A traditionally strong factor to consider in CVD risk is physical activity. Adults with RA accumulate less time spent engaged in physical activity than healthy peers (1,836 vs. 2,199 minutes per week, P=0.001).25 Physically inactive patients with RA have a higher probability of a 10-year CVD event (higher systolic blood pressure, P=0.006, cholesterol, P<0.001, low-density lipoprotein, P=0.01) when compared with physically active RA subjects, suggesting that low physical activity levels may serve as an independent risk factor for CVD events in adults with RA.6,26
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Explore This IssueNovember 2017
Improving the lipid profile of RA patients is important to lower the risk of CVD events, and exercise training can offer this effect.27,28 Although total time spent engaging in physical activity is of great importance, the literature on how exercise improves habitual physical activity is scarce.
Instead, exercise interventions have looked to improve the CRF profile (commonly defined as VO2 max in mL/kg/min) of RA patients, a profile historically 20–30% lower than that of healthy controls.11 Not specific to RA patients, links between CRF and dyslipidemia have been noted, making interventions aimed at improving CRF interesting for attenuating the CVD risk in RA.29
Results from a Cochrane review revealed that land-based aerobic exercise interventions significantly improved aerobic capacity (VO2 max in mL/kg/min) with an effect size of 0.99 (0.29, 1.68).5 Although water-based aerobic exercise had an overall effect size of 0.47, the effect was not significant (-0.04, 0,98), making it hard to deduce its potency.5 Presently, it is difficult to determine the most suitable intensity, frequency or duration for optimal CR improvements in RA, because the number of studies is low.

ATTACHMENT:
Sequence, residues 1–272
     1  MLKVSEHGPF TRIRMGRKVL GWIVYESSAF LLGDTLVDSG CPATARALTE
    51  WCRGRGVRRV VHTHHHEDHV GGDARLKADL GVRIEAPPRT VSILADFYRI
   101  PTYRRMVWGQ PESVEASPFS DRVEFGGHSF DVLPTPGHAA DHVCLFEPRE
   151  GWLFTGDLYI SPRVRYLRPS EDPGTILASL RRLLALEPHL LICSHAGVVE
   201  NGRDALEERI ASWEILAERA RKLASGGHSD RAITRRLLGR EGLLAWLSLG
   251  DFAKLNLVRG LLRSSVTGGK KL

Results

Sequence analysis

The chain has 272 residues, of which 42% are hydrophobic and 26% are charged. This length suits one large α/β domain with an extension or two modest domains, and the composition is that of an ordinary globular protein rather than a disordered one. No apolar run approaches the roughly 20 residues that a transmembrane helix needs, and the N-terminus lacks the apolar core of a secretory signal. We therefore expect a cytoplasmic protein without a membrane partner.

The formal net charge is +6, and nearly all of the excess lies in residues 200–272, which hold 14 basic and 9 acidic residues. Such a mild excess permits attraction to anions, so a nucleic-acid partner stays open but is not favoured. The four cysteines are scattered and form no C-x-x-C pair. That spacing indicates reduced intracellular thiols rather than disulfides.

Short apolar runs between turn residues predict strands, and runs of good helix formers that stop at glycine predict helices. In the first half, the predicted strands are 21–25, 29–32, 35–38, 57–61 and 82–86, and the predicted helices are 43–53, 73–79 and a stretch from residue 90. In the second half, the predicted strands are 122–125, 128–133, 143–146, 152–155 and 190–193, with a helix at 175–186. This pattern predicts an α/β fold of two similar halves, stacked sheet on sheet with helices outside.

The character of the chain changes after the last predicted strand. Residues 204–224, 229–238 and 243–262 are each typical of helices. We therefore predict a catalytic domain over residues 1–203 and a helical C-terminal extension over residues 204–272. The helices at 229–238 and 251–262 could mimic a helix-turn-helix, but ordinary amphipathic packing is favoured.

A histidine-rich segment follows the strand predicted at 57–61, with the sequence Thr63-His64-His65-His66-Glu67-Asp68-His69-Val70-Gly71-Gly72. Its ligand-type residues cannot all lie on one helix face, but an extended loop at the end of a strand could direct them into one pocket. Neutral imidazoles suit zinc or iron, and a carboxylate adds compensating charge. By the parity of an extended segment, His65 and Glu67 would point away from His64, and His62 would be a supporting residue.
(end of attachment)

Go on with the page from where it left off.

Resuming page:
Disease activity in RA has clinical meaning, because patients with higher disease activity report lower quality of life and spend less time being physically active.30,31 There are many ways of measuring disease activity in RA.32 In exercise interventions, the Disease Activity Scale (DAS-28) is commonly used. Despite its shortcomings in differentiating disease activity, studies tend to define a DAS greater than 5.1 as active disease, less than 3.2 as low disease activity and less than 2.6 as remission.33,34 Today, it is widely considered safe to indulge in physical activity and exercise no matter the level of disease activity.35
In an exercise study conducted for patients with highly active RA (7.0), the exercise group demonstrated a greater decrease in disease activity compared with the control group (effect size of 0.49 and 0.29 respectively), paving the way for more studies on physical activity and disease activity, although not all studies reveal significant positive effects.36,37